5. Awesome. Take it slow, and let us know how it goes. What did you end up using for the enclosure?

  6. Up and running! It's a Rosewill Challenger case. I'm pretty pleased with it,
    I didn't cut up my hands inside it like I did scavenging in old cases for
    parts that turn out to be useless because since I last built a desktop in
    2002 apparently the world moved on from IDE to SATA cables.

  7. Came over from Ta-Nehisi Coates, good post. I'd often tried to find various train related games for my dad when I was a kid, but it never quite worked. I wonder if I should try brain age for my Mom. She does enjoy sudoku but that still may be too much of a jump. I'd love to get her into Pheonix Wright if it was an option.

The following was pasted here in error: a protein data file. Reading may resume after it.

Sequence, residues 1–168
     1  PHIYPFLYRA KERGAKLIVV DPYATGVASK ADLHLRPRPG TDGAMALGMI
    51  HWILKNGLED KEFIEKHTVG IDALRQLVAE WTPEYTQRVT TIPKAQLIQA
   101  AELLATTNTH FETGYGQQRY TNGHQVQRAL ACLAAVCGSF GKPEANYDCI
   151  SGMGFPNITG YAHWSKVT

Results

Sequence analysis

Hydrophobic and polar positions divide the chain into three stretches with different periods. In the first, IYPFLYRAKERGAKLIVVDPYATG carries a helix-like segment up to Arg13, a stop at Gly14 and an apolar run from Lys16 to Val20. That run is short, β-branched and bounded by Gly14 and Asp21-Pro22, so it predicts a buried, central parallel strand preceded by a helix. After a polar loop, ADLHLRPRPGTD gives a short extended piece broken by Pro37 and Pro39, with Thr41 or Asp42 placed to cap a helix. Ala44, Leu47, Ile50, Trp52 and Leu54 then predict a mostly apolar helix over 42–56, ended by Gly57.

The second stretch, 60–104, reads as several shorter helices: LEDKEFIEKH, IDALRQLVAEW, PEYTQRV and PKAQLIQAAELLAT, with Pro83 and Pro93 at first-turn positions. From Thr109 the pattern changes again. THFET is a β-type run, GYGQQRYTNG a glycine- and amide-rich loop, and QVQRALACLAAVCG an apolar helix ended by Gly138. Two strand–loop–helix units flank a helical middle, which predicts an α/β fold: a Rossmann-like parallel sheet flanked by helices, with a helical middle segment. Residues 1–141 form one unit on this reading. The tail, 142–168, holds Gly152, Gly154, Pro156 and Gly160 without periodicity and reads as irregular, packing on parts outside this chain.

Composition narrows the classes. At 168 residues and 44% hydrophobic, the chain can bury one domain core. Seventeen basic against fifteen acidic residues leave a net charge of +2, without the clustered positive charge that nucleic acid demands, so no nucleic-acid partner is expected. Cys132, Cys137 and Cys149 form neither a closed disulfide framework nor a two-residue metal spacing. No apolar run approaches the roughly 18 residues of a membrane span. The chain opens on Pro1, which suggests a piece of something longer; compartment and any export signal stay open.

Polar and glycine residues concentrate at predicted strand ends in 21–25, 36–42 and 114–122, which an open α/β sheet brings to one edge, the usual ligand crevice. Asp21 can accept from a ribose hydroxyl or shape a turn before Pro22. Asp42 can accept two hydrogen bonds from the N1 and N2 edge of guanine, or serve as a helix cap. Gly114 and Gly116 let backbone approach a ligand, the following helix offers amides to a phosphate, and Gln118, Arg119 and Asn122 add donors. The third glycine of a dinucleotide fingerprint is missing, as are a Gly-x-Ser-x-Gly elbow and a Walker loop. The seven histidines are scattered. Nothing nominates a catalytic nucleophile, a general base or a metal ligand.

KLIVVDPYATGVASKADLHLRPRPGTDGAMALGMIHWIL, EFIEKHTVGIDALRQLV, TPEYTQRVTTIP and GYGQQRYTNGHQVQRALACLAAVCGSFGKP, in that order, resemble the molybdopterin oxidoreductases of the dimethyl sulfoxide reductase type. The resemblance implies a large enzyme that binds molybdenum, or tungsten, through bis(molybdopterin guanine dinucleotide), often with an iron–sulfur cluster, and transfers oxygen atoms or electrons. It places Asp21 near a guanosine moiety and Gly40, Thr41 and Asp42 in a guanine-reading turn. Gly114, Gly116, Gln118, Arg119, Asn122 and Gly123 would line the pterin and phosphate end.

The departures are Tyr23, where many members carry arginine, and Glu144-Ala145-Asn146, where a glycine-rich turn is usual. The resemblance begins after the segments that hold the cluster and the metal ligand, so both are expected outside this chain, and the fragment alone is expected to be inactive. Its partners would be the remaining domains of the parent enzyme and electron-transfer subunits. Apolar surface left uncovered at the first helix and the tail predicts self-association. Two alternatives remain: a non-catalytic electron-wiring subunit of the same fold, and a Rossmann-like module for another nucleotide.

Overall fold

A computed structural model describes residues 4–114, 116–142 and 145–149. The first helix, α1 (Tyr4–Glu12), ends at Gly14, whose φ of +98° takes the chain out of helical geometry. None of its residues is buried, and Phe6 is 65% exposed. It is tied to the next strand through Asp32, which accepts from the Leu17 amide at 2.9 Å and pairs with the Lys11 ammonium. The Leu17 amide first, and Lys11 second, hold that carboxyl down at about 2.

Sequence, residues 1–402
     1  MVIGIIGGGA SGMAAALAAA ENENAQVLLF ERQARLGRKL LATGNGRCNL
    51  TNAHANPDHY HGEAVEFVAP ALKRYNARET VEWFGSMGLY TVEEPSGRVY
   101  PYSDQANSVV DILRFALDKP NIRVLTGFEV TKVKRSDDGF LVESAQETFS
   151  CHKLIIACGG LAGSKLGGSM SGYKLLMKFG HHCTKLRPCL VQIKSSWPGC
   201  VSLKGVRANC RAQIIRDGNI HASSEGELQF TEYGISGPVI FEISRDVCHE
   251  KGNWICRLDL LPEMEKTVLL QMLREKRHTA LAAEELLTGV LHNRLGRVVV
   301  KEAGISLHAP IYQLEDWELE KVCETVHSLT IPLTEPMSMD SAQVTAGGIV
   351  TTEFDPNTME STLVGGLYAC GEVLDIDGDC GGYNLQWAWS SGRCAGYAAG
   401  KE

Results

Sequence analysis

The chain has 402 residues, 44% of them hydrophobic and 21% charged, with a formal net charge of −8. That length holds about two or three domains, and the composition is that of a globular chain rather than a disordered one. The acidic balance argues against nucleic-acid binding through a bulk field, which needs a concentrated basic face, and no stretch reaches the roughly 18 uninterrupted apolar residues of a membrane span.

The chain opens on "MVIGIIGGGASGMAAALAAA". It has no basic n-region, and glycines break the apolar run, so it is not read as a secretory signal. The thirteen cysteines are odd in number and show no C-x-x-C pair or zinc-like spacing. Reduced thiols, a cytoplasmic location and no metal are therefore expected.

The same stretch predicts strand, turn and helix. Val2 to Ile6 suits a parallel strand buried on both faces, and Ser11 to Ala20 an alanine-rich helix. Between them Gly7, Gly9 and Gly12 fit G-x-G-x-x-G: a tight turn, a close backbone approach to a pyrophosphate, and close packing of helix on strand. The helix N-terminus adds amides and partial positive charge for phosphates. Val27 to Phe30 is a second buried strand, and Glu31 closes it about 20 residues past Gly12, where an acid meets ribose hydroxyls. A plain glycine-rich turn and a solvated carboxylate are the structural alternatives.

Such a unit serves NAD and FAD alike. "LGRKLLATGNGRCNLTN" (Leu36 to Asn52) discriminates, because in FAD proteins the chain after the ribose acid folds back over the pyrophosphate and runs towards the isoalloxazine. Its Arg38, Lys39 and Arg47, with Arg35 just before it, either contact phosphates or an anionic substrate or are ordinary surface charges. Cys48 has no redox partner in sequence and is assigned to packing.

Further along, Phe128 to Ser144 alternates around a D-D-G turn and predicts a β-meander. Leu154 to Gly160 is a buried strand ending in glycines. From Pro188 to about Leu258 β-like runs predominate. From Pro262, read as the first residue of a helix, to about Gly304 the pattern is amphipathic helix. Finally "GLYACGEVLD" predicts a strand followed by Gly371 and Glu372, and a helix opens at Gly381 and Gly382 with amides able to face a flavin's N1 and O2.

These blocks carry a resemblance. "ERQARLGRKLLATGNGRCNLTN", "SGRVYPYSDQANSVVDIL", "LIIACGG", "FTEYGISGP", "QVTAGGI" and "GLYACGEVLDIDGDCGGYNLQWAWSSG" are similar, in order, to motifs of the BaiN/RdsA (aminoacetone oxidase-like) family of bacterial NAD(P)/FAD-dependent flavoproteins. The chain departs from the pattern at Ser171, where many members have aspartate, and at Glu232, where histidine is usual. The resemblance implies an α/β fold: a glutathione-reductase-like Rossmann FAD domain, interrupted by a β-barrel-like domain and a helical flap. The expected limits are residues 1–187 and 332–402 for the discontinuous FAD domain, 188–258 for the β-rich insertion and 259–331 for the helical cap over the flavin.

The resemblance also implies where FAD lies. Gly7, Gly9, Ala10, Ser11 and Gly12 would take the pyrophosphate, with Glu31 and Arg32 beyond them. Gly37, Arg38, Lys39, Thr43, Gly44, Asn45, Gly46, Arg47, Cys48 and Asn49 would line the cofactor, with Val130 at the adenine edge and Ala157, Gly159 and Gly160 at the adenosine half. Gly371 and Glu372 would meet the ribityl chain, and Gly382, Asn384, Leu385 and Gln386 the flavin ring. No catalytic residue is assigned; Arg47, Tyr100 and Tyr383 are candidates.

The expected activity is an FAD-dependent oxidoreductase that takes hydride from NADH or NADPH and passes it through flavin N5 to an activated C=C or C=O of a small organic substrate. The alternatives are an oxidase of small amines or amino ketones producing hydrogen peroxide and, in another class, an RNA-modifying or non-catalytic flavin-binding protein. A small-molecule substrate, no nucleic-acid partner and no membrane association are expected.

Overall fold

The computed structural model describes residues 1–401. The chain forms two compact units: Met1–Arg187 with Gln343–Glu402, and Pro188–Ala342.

8. Boggle and cribbage are by far the most common games my husband and I play together, too. My parents still play cribbage every night after dinner.

  9. What a lovely Mother's Day post! I hope your mom enjoys gaming for many more years to come.

  10. I'm glad this wasn't a post about how your mom was addicted to that farming game on Facebook, I'd hate to see the follow-up intervention post.

  11. I think I plan to introduce the Ace Attorney series to mom by saying, "Okay, so it's if Law and Order were a wacky Japanese comedy."

  12. I went over to a retirement home and saw elderly people playing games casually, and I asked one of them "why do you spend so much time on that game?", she said "to exercise my brain. It's one of those things you need to do while you live."